In these ion selective electrode-based assays standard operating protocols for the TECHNICON RA-1000® automated system were used. For example, the system was etched daily, and the system was calibrated and checked for performance daily. Accordingly, for each of the eight days of the test, the following protocol was performed for each interferent to establish the effect of the interferent on the measured concentration of carbonate ion. The effect of the interferent, in mM/L, on the measurement for carbonate concentration was determined from the results of cups 9 and 10 for each of the five interferents studied.

______________________________________Cup Number     Standardized Sample Assayed______________________________________ 1             Low Calibrator1 2             Low Calibrator 3             High Calibrator2 4             High Calibrator 5             Aqueous Contro13 6             Aqueous Control 7             Aqueous Control 8             Aqueous Control 9             Interferent410             Interferent11             Aqueous Control12             Aqueous Control13             Aqueous Control14             Aqueous Control15             High Calibrator16             High Calibrator17             Low Calibrator18             Low Calibrator______________________________________ 1 Calibrator including a low concentration of bicarbonate ion; 2 Calibrator including a high concentration of bicarbonate ion; 3 Aqueous bicarbonate solution having a concentration intermediate t the low and high calibrators; and 4 Aqueous standardized solution of an interferent added to aqueous bicarbonate solution 3.

              TABLE II______________________________________Reduction of Effects of Interfering Compounds in IonSelective Electrode Assays for Carbonate Ion(Example 1 vs. Example 2)      EX. 1 EX. 2     EX. 1   EX. 2______________________________________      DAY 0           DAY 1Slope (mv/dec)1        23.3    20.4      24.2  19.8Coumadin     0.42    0.0       0.5   0.0Bromide      0.7     0.4       1.3   0.6Salicylate   1.4     2.1       1.7   3.7Gentisate    1.0     1.1       0.8   1.0Heparin      0.0     0.0       0.0   0.0      DAY 2           DAY 3Slope (mv/dec)        24.1    21.1      23.6  21.3Coumadin     0.3     0.0       0.7   0.0Bromide      1.0     0.9       1.5   1.2Salicylate   2.1     4.1       2.5   4.5*Gentisate    1.3     1.2       1.3   1.7Heparin      0.0     0.1       0.0   0.0      DAY 6           DAY 7Slope (mv/dec)        22.5    20.8      23.3  20.7Coumadin     0.7     0.0       --    0.0Bromide      2.0     1.2       --    1.2Salicylate   4.0     5.1*      4.1   4.9*Gentisate    2.0     1.4       --    1.7Heparin      0.0     0.0       --    0.0______________________________________ *assay was flagged by the TECHNICON RA1000 ® to indicate an inadequat signal equilibrium, or therefore a high degree of interference 1 Millivolts/decade, defined as the slope of the Nernst plot of millivolts vs. the logarithm of carbonate concentration; 2 Units are in mM/L for each interferent.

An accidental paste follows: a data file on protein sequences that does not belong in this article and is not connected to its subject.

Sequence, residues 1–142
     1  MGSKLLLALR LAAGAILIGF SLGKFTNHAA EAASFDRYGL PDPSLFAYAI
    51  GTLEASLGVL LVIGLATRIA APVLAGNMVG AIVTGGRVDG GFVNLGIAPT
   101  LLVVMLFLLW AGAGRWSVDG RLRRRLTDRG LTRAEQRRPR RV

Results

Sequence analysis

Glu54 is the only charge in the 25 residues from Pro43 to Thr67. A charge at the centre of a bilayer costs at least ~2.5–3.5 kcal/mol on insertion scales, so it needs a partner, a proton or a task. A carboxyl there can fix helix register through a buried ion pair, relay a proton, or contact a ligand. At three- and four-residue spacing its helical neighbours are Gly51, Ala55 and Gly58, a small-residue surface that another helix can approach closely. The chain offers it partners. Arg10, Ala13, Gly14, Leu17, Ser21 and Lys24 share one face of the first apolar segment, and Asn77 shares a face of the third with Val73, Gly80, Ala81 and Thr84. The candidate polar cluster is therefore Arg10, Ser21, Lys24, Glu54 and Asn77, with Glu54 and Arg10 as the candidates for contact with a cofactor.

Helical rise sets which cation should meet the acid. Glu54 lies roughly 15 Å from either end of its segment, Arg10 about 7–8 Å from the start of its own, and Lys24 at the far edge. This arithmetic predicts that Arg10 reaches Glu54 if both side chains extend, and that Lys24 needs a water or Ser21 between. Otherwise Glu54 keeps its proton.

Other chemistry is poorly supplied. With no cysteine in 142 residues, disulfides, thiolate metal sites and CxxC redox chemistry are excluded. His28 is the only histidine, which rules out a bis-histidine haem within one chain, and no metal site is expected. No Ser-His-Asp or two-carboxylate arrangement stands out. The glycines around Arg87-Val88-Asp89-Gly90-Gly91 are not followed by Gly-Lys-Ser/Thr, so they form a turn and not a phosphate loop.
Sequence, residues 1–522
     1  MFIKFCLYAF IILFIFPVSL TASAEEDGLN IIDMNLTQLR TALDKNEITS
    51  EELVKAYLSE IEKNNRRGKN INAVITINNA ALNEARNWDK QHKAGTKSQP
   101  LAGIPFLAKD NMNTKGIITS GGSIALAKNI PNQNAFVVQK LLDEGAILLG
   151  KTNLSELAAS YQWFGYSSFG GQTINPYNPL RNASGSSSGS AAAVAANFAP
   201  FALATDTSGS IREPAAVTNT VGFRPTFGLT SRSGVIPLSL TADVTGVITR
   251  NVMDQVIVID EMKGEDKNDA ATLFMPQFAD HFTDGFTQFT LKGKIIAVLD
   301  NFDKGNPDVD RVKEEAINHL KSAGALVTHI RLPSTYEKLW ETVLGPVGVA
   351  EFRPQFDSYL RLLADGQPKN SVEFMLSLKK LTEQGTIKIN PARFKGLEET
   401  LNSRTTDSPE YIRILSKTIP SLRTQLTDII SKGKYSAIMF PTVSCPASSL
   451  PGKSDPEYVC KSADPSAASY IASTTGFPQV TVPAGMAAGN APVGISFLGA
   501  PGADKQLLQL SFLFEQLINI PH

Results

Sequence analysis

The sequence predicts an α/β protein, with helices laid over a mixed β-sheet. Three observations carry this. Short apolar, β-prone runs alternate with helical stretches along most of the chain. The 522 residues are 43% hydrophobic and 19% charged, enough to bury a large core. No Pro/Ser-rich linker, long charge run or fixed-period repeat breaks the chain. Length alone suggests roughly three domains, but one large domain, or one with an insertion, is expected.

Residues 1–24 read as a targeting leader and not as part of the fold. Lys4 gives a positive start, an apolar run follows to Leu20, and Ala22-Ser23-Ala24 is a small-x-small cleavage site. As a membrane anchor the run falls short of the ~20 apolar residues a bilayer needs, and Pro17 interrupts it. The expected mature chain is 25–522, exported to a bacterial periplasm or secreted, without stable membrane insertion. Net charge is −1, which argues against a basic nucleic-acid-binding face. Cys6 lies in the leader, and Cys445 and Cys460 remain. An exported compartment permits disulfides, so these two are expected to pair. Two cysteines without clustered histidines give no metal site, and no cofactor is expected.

The data presented in TABLE II show that the slope observed in assays utilizing the composition of Example 1 remained essentially constant over the one week testing period within the range of 22.5 to 24.2. Accordingly, the membrane of the ion selective electrode is not desensitized by the borate-containing, metal-free composition of Example 1 because the slope of the Nernstian response did not decrease appreciably over the one week period. This essentially constant slope over time is compared to the slopes observed for assays utilizing a mercury-containing composition of the prior art. The slope for these assays also remained essentially constant, ranging from 19.8 mv/dec to 21.3 mv/dec. Accordingly, like the metal-containing compositions of the prior art, the borate-containing, metal-free composition of the present invention does not desensitize the membrane of the ion selective electrode.